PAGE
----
Aetna CEO: Louisville will be home to 'most important part of our business'
Aetna CEO Mark Bertolini sought to reassure an audience of more than 1,000 Louisville-area businesspeople on Tuesday night that his company’s planned takeover of Louisville-based Humana will be good for the city.
LOUISVILLE, Ky. (WDRB) -- Aetna CEO Mark Bertolini sought to reassure an audience of more than 1,000 Louisville-area businesspeople on Tuesday night that his company’s planned takeover of Louisville-based Humana will be good for the city.
Aetna, a Connecticut-based health insurer, has offices all over the world – from the Middle East and “far east” to the Pacific Rim and Europe, Bertolini said.
"But we have made a commitment to only one community as the location for the most important part of our business, and that’s Louisville," Bertolini said to a round of applause at Greater Louisville Inc.’s annual meeting.
Following the $37 billion sale, which is slated to close this year, Aetna has said Louisville will become the home base of its government business such as Humana’s specialty, Medicare Advantage, but that the combined company’s headquarters will remain in Connecticut with Bertolini at the helm.
The Louisville-based government division is expected to account for 56 percent of the combined company’s annual revenue, Aetna and Humana have said.
Bertolini’s keynote address at the chamber of commerce event lasted about 12 minutes, and he did not say anything more about the sale’s effect on the city.
Earlier Tuesday, the two companies began their "integration planning work" with meetings in Louisville, Bertolini said.
Humana CEO Bruce Broussard, who introduced Bertolini and joined him for questions on stage, also sought to dispel fears about Louisville jobs.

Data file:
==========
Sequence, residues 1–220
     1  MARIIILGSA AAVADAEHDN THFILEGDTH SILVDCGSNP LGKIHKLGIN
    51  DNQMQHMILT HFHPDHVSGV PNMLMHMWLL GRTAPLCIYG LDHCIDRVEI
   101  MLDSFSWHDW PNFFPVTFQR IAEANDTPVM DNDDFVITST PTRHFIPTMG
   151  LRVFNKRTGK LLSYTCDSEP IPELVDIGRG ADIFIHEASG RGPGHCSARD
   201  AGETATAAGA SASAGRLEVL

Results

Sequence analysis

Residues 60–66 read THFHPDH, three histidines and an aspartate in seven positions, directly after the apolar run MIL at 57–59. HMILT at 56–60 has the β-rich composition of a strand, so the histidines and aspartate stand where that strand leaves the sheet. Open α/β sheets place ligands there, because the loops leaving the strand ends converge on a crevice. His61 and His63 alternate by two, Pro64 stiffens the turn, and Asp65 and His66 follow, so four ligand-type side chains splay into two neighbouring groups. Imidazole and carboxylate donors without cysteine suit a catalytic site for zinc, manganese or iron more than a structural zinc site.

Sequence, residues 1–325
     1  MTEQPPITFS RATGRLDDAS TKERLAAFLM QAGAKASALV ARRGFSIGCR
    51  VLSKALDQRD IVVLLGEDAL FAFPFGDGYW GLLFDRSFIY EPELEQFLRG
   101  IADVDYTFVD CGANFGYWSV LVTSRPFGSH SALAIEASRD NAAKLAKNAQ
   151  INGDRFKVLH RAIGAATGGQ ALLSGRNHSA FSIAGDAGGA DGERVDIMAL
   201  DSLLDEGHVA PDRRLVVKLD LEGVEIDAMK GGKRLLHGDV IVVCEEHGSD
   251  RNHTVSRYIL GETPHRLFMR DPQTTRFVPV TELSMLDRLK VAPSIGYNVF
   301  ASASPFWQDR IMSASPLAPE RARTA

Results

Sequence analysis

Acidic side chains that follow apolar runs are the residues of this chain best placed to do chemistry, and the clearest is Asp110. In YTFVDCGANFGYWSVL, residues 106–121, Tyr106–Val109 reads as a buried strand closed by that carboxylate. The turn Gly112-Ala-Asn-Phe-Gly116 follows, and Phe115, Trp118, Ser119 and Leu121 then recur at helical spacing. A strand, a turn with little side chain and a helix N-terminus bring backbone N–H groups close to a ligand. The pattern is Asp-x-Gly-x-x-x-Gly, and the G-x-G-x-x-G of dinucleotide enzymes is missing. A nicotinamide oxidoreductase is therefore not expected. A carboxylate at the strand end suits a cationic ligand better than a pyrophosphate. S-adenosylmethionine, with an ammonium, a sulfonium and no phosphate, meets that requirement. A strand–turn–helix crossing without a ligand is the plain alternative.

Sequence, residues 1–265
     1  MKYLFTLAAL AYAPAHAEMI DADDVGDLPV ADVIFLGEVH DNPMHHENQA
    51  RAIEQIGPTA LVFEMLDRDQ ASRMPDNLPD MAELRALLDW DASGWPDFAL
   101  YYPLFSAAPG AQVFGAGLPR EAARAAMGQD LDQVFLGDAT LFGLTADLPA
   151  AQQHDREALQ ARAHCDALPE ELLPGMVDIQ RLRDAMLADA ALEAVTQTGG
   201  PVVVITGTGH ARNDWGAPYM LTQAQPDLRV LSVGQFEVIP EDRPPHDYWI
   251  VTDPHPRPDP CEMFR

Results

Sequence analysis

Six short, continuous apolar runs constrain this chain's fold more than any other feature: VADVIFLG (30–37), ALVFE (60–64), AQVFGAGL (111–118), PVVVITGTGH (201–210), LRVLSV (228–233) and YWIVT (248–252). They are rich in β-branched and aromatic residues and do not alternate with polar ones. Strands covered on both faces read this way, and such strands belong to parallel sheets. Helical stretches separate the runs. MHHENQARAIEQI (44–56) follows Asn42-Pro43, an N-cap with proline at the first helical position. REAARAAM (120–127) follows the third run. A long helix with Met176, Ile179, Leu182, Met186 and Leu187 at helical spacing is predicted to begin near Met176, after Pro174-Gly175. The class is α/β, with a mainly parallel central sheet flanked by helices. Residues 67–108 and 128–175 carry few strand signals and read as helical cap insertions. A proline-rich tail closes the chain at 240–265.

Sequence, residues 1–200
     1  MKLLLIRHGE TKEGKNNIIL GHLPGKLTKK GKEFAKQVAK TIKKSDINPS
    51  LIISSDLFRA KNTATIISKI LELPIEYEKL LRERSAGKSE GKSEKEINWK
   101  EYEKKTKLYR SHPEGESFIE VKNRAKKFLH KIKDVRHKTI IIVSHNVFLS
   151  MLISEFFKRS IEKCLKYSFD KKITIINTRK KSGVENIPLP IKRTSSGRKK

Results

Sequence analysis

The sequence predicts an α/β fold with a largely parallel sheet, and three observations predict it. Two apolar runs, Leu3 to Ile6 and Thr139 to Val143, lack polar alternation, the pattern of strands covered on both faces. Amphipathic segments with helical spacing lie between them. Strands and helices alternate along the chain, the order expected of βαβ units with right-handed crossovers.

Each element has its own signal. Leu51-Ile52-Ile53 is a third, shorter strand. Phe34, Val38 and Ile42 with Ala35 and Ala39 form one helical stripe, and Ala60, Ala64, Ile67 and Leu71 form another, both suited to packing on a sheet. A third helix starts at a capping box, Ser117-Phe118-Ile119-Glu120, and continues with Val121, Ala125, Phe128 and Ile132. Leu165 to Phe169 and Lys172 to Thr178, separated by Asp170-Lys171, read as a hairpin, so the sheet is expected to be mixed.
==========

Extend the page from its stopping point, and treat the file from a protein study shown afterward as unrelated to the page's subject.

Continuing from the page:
"I know what’s on everyone’s mind here. It’s, ‘What is this transaction going to do to Humana and how is it going to help or hurt the city and state?'" Broussard said. "… I think and believe, and Mark believes, this city and this state will be a net beneficiary of the transaction … I really believe you’re going to see more and more jobs created in the community."
The bulk of Bertolini’s speech was devoted to his broader vision of a healthcare system that treats patients in a more holistic way and eliminates some $900 billion in "duplication and overuse of services" annually.
He talked about an accident 10 years ago in which he broke his neck in five places and nearly died, but said he checked himself out of the hospital early to avoid counter-productive treatment once he woke up from a coma.
"They fixed me because I was able to walk and I was able to leave the hospital. They did not fix me as a human being," he said. "I was in pain. I could not think straight. I was on a huge number of opiates – seven different drugs -- and I was stoned all the time."
Bertolini went on to blame the heroin epidemic on the over-prescription of pain-killing opiate drugs and said he now uses things like acupuncture and yoga to manage his condition.
“If we build this health system this way, the community is taking care of each other,” he said.
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